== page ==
Profit satisficing is a situation where there is a separation of ownership and control. As a result, the owners are likely to have different objectives to the managers and workers.
In short, owners wish to maximise profits, but workers and managers may not.
It is an example of the principal-agent problem. The shareholder is the principal. The workers are the agent
The owners of a firm are likely to have a goal of profit maximisation, however, they delegate the running of the firm to managers and workers.
The owners employ managers on the expectation they will do a good job and try to maximise profits of the firm (and therefore maximise their dividends).
However, the owner cannot have complete knowledge about the effort and actions of their managers. The managers know this. If they do a ‘good enough job’ then they will continue to be employed.
In the everyday running of the firm, managers and workers will seek to make the firm relatively successful, but after satisfying certain goals (and minimum levels of expectation), they will consider other factors.
For example, a manager will be aware of creating good relations with fellow workers. Rather than sack an underperforming worker, they may continue to employ them – rather than go through the difficulty of firing workers and creating a bad feeling in the workplace.
Managers may have an idea of achieving a minimum standard of performance – a standard which will satisfy their bosses.
But, then they will consider other factors, which are important to their work.
- Not doing unpaid overtime
- Avoiding stressful situations such as chasing unpaid bills.
- Creating good relations with fellow workers rather than be strict with lateness.
Profit satisficing and workers
The problem is compounded if workers feel little connection to the fortunes of the firm. Especially part-time or temporary staff may just see the job as a stop-gap and may not worry if they get sacked. This can make it even harder to improve the productivity of the firm. The workers may fulfil their contract, but they will not be motivated by the aim of maximising profits for some unknown shareholders.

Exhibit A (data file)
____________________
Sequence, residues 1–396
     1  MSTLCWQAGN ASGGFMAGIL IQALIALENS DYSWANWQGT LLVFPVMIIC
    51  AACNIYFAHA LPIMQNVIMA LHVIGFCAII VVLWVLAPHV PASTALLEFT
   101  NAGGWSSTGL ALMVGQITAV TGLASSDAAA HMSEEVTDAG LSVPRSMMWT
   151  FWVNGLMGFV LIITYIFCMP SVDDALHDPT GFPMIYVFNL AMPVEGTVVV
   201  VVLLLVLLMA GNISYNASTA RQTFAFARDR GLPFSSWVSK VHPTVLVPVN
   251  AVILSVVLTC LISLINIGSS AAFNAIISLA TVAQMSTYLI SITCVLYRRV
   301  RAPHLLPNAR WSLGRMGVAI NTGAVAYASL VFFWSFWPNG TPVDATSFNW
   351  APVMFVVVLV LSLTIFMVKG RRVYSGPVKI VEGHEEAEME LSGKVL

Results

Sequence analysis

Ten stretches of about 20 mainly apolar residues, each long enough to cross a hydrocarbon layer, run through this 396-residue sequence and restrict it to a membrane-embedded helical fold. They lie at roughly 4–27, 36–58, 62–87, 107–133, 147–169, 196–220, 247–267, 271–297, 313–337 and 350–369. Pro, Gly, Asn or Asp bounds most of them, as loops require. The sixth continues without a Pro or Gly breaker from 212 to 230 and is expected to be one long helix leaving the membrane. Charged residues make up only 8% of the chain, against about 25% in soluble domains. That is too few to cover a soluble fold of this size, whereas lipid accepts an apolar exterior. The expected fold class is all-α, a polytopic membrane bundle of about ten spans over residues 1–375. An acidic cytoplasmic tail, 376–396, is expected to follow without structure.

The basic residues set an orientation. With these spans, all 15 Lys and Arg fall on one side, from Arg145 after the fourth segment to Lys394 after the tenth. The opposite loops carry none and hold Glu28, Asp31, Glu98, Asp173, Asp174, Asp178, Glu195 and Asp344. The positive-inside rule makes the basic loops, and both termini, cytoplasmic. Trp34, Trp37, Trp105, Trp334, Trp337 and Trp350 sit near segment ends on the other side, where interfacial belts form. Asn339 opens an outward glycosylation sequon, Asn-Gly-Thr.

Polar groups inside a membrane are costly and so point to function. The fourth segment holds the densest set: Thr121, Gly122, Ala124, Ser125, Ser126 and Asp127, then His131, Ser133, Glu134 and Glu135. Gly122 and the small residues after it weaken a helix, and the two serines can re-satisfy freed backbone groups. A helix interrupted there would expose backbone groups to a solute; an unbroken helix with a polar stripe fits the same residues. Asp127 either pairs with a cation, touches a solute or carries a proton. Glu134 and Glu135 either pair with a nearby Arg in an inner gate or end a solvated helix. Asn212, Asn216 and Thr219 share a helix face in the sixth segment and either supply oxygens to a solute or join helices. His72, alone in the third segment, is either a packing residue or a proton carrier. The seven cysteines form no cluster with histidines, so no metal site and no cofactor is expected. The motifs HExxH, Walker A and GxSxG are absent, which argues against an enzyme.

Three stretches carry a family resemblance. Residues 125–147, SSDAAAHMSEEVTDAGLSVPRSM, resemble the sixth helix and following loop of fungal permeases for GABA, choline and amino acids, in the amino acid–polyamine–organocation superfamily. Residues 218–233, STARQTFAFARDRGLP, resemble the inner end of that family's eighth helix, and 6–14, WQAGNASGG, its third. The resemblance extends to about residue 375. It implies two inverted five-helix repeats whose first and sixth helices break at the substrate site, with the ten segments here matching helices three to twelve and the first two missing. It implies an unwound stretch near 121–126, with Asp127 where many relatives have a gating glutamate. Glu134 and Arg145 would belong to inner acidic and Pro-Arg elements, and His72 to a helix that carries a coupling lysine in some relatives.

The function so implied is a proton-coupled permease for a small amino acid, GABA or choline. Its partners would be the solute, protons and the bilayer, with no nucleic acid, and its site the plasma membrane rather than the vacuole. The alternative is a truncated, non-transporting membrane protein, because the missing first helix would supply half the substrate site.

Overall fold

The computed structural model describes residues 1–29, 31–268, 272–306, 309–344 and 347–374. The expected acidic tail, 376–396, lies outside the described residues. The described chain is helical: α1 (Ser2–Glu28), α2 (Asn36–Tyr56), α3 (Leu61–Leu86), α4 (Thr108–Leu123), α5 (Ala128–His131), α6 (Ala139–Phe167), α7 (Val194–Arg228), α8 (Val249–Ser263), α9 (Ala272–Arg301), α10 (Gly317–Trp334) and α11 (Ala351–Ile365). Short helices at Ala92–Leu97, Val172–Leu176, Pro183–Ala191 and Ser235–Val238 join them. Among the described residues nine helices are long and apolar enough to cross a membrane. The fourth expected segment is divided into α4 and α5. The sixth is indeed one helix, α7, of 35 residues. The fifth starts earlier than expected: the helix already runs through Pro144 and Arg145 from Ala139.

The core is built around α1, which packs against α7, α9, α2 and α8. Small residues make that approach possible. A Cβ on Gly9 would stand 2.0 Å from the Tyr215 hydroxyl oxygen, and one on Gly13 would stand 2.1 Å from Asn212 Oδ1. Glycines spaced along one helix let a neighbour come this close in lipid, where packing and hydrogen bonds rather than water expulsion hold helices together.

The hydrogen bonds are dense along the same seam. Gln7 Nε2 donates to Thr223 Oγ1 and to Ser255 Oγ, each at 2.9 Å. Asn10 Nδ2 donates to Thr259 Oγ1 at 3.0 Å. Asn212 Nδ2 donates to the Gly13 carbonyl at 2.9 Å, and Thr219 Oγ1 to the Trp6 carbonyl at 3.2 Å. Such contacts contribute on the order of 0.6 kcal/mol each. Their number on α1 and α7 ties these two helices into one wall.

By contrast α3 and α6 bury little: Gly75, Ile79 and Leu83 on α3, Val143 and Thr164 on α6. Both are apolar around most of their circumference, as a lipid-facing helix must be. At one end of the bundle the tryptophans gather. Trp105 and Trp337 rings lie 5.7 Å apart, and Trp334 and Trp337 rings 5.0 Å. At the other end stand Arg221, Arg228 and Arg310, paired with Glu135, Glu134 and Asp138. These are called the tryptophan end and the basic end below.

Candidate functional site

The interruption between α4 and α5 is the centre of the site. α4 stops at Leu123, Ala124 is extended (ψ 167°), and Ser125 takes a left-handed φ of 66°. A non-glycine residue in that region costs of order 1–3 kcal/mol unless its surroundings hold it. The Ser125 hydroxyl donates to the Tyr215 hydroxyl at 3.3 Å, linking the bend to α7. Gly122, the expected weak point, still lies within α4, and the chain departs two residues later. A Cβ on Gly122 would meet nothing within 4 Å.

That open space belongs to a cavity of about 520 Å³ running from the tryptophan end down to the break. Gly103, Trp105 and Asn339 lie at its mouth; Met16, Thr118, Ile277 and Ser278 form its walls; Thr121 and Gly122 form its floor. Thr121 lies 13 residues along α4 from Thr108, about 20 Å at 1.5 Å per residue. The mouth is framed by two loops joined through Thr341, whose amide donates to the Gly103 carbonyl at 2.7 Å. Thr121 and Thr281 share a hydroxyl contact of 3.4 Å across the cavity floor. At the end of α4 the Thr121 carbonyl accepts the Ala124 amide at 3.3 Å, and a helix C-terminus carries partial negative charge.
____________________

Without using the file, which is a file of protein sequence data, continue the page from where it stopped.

Behavioural economics and profit satisficing
Behavioural economics is more aware of the many different factors which motivate people at work. Profit and bonuses are only one. A big motivation is the sense of achievement, responsibility and being part of the creative process. Therefore, managers may seek to do the best job they can – because they get more satisfaction from maximising profits.
However, equally, managers may be tempted by different goals – the prestige of working in a fast-growing firm may encourage them to take risks the owners don’t really want.
Overcoming the problem of profit satisficing
Share options. One method to try and reduce the incidence of profit satisficing is giving managers shares in the company fortunes. This overcomes the principal-agent problem because managers will then have a similar incentive to maximise profits. The supermarket Walmart gave workers shares in the company. Some checkout assistance who were with the company from the beginning saw very large payouts from the rapid growth in the value of the company.
- However, in some industries, giving a share of profit may not be possible or easy. For example, jobs like teaching, healthcare sector, performance depends on much more than profitability.
- Also, giving workers a very small share of the profit may be insufficient to overcome other factors influencing their motivation to work
Performance reviews The owners could also implement more targets and reviews of performance. Managers may feel the importance of doing a good job to get a good reference and good reputation.
Creating a sense of responsibility. Successful delegation is not just about performance related pay but giving managers workers a sense their work is important. Giving them a degree of creative control can make them more invested in the process and they will try to do a good job for reasons of professional pride.